ADDENDUM: Thanks to all who are purchasing, reading, and reviewing Hunting Four Horsemen. The Amazon reviews remain (almost) entirely positive, and I particularly liked this assessment from Henry:
It could be viewed as Travel Porn — these great characters go to places I have never even heard about. Action doesn’t stop and as another reviewer stated, it has real people dealing in a real world with real emotions. The pandemic affects us all different. There are those moments where they give each other hell in their face, but speak of them as angels behind their back.
In Hunting Four Horsemen, my characters have been through everything we’re going through now, and they’re not broken by it, but the ordeal of the pandemic has worn on them. They were confronted with a massive, global problem that made them feel helpless for a long stretch, and they’re not used to being in that situation. The pandemic is over, and life is getting back to normal, but they’re still struggling to make sense of why their lives had to be turned upside down for so long — along with the loss of some people dear to them — all because a virus emerged from some far-off city most people had never heard of before January 2020. Most of the characters are still snarky, sarcastic, and making funny references to pop culture, but it’s probably increasingly clear how much the protagonists use that as a coping mechanism for the problems they face.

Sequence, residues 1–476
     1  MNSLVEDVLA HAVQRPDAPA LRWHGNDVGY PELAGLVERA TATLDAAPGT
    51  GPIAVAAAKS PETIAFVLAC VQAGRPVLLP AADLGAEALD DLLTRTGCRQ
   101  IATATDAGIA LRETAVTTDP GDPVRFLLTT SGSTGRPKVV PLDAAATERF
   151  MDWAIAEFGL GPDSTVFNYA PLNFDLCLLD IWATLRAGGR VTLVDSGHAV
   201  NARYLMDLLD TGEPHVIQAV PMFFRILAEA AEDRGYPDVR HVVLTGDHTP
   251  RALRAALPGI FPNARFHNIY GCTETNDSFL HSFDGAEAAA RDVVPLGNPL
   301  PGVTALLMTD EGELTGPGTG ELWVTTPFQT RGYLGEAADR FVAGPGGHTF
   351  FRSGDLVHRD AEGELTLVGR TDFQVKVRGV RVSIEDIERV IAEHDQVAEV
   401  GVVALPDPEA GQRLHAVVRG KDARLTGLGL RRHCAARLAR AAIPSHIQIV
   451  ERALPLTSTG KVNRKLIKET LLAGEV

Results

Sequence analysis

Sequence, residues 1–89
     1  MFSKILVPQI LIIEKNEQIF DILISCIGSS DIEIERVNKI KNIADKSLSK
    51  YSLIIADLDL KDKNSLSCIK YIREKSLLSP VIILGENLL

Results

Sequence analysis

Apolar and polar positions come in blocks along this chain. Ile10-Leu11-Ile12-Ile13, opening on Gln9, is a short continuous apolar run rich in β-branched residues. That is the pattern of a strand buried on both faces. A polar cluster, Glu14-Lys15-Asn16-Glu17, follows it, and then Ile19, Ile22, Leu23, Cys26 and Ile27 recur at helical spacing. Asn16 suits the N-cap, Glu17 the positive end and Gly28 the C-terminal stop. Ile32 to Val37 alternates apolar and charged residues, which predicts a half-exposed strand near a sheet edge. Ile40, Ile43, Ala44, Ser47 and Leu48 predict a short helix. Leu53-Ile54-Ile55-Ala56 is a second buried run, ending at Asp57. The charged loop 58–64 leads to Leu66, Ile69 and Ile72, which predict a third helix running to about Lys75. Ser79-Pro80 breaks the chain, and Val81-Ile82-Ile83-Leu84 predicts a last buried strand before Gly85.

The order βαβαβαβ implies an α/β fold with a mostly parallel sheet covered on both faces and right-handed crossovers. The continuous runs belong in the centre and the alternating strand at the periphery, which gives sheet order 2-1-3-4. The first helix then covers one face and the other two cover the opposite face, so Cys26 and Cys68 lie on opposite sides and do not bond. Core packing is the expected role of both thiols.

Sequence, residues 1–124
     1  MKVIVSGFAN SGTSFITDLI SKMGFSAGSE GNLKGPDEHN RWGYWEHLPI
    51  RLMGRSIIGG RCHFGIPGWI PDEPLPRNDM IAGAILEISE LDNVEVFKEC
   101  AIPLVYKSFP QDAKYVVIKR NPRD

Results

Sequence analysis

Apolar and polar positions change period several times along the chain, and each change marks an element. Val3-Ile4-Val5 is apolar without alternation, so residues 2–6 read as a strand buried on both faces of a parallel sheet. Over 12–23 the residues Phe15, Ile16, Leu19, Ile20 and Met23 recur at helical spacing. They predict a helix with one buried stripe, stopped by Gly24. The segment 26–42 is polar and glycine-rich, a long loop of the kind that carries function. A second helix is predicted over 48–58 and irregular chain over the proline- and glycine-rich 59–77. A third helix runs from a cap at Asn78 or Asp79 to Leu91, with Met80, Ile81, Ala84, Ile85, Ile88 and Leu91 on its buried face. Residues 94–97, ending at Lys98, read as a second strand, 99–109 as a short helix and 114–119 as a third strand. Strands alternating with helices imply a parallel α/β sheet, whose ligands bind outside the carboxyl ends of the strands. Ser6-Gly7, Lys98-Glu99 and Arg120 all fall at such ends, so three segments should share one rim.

If there’s a particular challenge when I write books like these, it’s the desire to do a lot at once and balance it all. It’s a thriller, so the plot has to keep moving, and there needs to be a sense of building tension — the ticking clock. The characters can be archetypes but hopefully not cliches; they’re hopefully unusual and surprising and multifaceted. I usually have gobs of research about real-world places and events that I want to put in and not make it seem like a giant exposition dump. I want to “world-build” and create a sense that these characters have a history that began well before the first word of the first chapter and show that the fictional world they inhabit is slightly different from the real world we live in — while simultaneously seeming realistic and never tripping the reader’s “oh, that would never happen” radar. I probably write humorous observations and snappy patter the best and action scenes the worst, which is usually the opposite in the thriller genre.
Guys like Brad Thor, Michael Connelly, Daniel Silva, and Matthew Betley make it look effortless.